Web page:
Every fall as Columbus Day approaches, students look forward to the three-day weekend, with time to catch up on sleep or homework, or really do anything besides go to class. You’ll see the occasional Facebook post joking about “celebrating” the holiday by walking into somebody’s house and declaring that you live there now, but beyond that, there’s not much discourse on what actually transpired when Columbus ‘claimed’ America.
In elementary school we’re taught refrains like “In 1492 Columbus sailed the ocean blue,” but it’s not until high school, or sometimes even later, that we learn about the atrocities he committed against indigenous peoples. The historical figure landed in the New World and began to extract gold and conquer the people living on the land he “discovered.” He neither discovered that the world was round nor America itself—he landed in what is today the Bahamas.
All things considered, we have to wonder why we’re still celebrating a holiday in this man’s name. It’s always shattering to discover that you’ve been lied to, and when the liar was the system obligated to educate me, it was just short of enraging. Discovering all the deliberate misinformation surrounding this legacy caused me to begin to question what I had been taught in history class, and wonder just how much colonialism was changing our perspective.
Columbus was determined to continue his quest for gold, taking several native men—covered in their jewelry—back to Spain with him to show off his findings to Queen Isabella, according to A People’s History of the United States by Howard Zinn. She allowed him to return, at which point he began chopping off the ears and noses of the Lucayan natives, as an example to the others, who wouldn’t comply with his demands to be brought more gold. In the years that followed, he brought 500 Lucayans back with him (only 300 of whom survived) and began selling them as slaves. He brought smallpox and other diseases back to the Americas with him, and forced girls as young as nine years old into sex slavery.
The more I learned, the more I felt betrayed and a little horrified that I had been literally singing this man’s praises throughout my childhood. When I finally learned the truth in high school I was appalled by how much had been left out, and how quick my teachers were to brush over the atrocities once we finally did address them. Every year when the holiday rolled around, I couldn’t help but feel a little grateful that my school chose not to participate, while my classmates continued to gripe about the change. My first year at Emerson, I felt guilty for looking forward to having some extra time to relax knowing the cost at which it came. Labor Day and Veteran’s Day I could justify. Martin Luther King Jr. and Presidents’ Day as well. But this? I really couldn’t find any good reason for it.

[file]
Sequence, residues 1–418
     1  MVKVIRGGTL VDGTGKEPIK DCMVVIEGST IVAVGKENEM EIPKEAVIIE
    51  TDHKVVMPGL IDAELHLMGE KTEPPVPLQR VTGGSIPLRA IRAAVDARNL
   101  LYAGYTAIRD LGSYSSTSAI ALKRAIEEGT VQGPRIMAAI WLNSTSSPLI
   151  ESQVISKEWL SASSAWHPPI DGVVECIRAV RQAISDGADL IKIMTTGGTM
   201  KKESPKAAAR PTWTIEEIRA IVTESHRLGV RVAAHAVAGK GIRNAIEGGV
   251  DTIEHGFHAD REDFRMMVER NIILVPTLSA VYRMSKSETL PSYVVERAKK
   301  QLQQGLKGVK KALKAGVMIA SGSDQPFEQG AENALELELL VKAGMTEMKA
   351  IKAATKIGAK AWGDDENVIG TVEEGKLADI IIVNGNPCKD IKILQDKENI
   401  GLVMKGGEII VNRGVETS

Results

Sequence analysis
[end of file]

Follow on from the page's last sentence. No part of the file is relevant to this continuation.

So why do we still have a holiday celebrating this atrocious man? In 1937, the Knights of Columbus, a Roman Catholic fraternal service organization, successfully lobbied President Roosevelt to make the day a federal holiday. The group was founded initially to help low-income immigrant Catholics, particularly Italians, who were heavily involved in the lobbying process. Columbus was seen as one of the more influential men to come out of Italy, and because of the rampant hate crimes against Italians at the time, they wanted a historical figurehead who could be viewed in a positive light by the whole country. While it did help change public perception in a positive way, creating this holiday also completely changed the narrative around this conqueror in our public education system.
Elementary school children across the country are taught about the great man who gave them the day off. This erases the history of the Lucayan people who were wiped out at Columbus’s hands. In the years that followed the oppressor’s initial arrival, the estimated Lucayan death toll was between 3 and 5 million due to starvation, forced labor, and disease. When we teach the history of our nation, it should be framed in a realistic light—that Columbus was ruthless, and had no problem taking down whoever stood in his way. As we get older we learn the truth, but we are often past the point of caring so long as we get the day off. However, this is not a holiday we should continue.
Many cities, such as Seattle and Minneapolis, have opted to rename the holiday Indigenous Peoples’ Day. It honors the peoples who truly discovered the New World—before they were essentially wiped off the map. Others have opted not to acknowledge the holidy at all. In 27 states students are still required to go to school on Columbus Day, and only 15 percent of private sector workers take the day off. My public high school in Connecticut chose not to take the day off, in part due to anticipated snow days but also because they didn’t feel it was a worthy holiday, and I agree that it is not.
As a higher education institution in a liberal city such as Boston, Emerson has the opportunity to look critically at Columbus Day and question how we frame our celebration of it, or if we should even celebrate it at all. We have the chance to make a statement by not participating in the celebration, and just treating it like any other day. Columbus is not equatable to Martin Luther King Jr., Abraham Lincoln, or George Washington all of whom share the same federal holiday status. By continuing to participate, we are recognizing him as a hero, when in reality he barely played a role in the founding of our country, and undoubtedly did not contribute positively. Fighting against a day off is not popular, but when you consider who Columbus was, it’s really hard to justify.